Town of Apple Valley files formal condemnation action to acquire AVR (January 7, 2016)
The Town of Apple Valley today (Thursday, Jan. 7) filed formal condemnation action to acquire the town’s privately held water system after years of excessive rate increases, surcharges and corporate decisions that have boosted profits at the expense of ratepayers.
The action, filed in San Bernardino County Superior Court, follows
longstanding public concern about Apple Valley Ranchos Water Company’s monopoly hold on water service in the community.
Since 2002, AVR’s corporate owners raised rates by more than 65 percent, and in November, instituted yet another increase that will raise water costs for the average household by 26.58 percent. That same month, the Town Council approved resolutions of necessity authorizing eminent domain action after the Carlyle Group, owners of AVR, rejected the Town’s $50.3 million offer of just compensation for the water system.
Acquisition of AVR will give the Apple Valley community
control over its water future instead of having in controlled by out-of-state and out-of-county corporate executives dedicated to maximizing corporate profits, the complaint states.
Other benefits include:
- Providing public say over water rates and surcharges in keeping with the requirements of Proposition 218.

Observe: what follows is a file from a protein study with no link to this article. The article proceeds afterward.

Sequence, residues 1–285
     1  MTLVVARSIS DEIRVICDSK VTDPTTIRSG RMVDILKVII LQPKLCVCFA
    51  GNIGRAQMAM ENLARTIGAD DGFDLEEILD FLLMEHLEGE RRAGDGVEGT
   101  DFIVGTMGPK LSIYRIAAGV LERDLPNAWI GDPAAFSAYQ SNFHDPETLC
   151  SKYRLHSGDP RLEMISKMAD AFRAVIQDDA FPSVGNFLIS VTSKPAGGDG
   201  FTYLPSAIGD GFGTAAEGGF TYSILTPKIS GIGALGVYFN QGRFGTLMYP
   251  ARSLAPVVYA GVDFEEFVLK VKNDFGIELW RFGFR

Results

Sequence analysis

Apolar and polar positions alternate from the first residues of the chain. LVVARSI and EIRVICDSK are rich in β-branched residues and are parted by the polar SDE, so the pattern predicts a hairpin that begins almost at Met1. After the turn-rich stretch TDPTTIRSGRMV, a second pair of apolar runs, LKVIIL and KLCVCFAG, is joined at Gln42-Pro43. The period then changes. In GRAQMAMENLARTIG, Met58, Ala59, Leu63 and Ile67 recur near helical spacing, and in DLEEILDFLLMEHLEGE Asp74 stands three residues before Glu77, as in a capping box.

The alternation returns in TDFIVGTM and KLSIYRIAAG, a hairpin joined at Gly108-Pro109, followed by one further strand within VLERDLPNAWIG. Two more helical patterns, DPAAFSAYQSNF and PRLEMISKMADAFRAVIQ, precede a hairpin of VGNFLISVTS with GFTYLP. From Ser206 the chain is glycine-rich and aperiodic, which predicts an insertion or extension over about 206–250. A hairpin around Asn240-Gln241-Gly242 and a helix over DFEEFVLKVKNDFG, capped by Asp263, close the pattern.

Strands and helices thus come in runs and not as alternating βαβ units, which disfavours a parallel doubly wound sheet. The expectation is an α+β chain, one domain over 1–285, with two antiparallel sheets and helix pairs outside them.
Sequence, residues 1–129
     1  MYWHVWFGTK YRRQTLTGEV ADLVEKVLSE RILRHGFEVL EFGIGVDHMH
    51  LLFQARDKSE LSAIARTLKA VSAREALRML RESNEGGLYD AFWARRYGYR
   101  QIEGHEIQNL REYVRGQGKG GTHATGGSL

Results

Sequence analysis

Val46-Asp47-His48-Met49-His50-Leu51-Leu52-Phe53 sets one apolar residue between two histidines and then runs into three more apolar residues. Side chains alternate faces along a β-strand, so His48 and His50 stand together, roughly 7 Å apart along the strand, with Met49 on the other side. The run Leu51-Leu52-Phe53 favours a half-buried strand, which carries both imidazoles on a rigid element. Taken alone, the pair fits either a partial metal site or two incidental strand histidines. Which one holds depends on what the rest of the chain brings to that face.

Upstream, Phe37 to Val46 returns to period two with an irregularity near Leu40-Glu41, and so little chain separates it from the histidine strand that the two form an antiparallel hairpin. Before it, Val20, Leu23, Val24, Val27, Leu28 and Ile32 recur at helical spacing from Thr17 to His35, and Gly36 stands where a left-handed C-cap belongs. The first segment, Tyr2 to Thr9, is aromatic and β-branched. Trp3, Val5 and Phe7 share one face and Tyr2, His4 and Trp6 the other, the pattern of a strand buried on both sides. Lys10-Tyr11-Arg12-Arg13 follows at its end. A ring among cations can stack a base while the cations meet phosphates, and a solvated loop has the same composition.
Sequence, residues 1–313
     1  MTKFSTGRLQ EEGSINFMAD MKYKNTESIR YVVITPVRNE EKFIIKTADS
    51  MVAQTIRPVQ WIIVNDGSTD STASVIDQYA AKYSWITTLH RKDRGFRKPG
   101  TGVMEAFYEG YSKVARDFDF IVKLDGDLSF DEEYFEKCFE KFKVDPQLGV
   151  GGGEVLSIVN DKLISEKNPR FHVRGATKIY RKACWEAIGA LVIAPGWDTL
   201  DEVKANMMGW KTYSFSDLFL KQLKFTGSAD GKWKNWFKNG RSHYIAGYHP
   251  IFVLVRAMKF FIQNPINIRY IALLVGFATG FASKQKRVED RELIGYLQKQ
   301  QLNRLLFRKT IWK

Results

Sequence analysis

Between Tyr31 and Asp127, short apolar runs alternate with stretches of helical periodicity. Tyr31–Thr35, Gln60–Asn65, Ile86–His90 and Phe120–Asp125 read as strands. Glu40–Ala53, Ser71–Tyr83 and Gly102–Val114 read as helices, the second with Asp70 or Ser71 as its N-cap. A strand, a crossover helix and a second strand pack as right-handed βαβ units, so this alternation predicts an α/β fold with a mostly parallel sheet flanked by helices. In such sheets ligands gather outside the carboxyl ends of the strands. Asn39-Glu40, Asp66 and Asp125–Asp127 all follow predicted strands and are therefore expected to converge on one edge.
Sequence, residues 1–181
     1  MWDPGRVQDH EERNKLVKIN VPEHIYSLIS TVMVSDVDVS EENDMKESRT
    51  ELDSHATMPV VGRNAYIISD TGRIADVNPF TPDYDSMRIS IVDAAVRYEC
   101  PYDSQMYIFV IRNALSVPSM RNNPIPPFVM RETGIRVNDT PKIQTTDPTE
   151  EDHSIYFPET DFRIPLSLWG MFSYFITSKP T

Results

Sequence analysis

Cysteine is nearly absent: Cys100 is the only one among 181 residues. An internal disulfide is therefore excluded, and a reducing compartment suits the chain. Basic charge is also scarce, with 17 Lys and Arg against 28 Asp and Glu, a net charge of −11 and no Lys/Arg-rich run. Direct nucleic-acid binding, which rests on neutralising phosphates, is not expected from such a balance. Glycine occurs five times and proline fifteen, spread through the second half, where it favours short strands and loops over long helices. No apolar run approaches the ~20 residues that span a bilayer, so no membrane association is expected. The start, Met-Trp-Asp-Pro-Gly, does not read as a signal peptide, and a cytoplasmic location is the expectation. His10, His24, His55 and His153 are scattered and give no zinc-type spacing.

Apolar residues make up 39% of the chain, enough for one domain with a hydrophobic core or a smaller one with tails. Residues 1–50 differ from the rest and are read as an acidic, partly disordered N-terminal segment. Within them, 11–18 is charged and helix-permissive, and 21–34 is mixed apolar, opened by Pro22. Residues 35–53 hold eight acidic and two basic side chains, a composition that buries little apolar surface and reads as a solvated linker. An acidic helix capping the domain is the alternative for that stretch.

- Providing transparency
by having important water decisions made in open public forums instead of behind closed doors.
- Stabilizing rates
by eliminating: rates of return and profit; forced subsidization of failed water systems; allocation of corporate overhead relating to geographic locales hundreds of miles away; and shareholder goals to position the sale of the Water System for future financial gains.
The latter references AVR’s 2015 acquisition of the financially troubled Yermo Water Co. as well as Carlyle’s decision to sell its water interests to a Canadian company, Algonquin Power & Utilities Corporation. Both underscore the skewed economics that incentivize private water systems to pad profits by over-investing in imprudent projects that become part of their rate base, then turn around and sell off the company for far more than they bought it for.
The eminent domain action also notes that AVR threatened to sue the Town if it tried to provide the community with recycled water treated at a multimillion-dollar facility Apple Valley is building in partnership with the Victor Valley Wastewater Reclamation Authority. Because AVR does not provide recycled water and has no plans to build a reclamation facility, the threat essentially prevents Apple Valley from meeting
an important legislative goal of the State.
The owners of our water system left us no choice but to pursue this action, said Mayor Barb Stanton.
The Apple Valley Water System does not represent free enterprise in the way one normally thinks of it. It is a monopoly, granted by the government and which, with the help of the California Public Utilities Commission, determines how much you will pay and how much profit it will make. As a customer, you aren’t given a choice — or a say.
Stanton said that detailed financial analysis has shown that eliminating corporate overhead, property taxes and other costs will more than pay off the debt service of acquisition, leaving additional money for infrastructure improvements, system expansion and possibly rate reductions.
Scientific polling has shown that 70 percent of AVR ratepayers support acquisition by the Town.